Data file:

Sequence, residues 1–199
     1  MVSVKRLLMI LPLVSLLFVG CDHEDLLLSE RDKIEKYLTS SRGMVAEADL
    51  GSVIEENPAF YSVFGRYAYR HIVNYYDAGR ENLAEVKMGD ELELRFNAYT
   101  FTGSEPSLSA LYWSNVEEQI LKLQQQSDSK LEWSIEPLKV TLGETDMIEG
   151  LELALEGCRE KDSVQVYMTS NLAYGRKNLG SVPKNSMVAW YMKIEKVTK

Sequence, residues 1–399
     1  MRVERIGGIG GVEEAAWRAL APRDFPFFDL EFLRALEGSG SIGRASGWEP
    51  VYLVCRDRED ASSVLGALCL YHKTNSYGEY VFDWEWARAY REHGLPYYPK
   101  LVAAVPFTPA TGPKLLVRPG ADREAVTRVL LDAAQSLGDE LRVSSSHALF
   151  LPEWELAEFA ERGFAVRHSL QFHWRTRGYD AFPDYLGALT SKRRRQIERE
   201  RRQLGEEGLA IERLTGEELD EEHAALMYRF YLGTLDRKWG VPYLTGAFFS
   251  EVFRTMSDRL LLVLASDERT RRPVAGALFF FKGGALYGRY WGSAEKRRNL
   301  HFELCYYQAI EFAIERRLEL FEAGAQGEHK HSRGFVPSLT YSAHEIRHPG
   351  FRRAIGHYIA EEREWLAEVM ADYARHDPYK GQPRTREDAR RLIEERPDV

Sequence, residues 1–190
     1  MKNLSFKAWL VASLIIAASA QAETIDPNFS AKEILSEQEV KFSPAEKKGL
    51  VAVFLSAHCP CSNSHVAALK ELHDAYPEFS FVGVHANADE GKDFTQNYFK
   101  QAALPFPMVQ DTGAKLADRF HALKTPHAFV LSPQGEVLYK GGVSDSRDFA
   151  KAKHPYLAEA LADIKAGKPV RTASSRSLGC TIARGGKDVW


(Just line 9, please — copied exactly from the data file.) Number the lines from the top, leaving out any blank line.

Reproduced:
   101  LVAAVPFTPA TGPKLLVRPG ADREAVTRVL LDAAQSLGDE LRVSSSHALF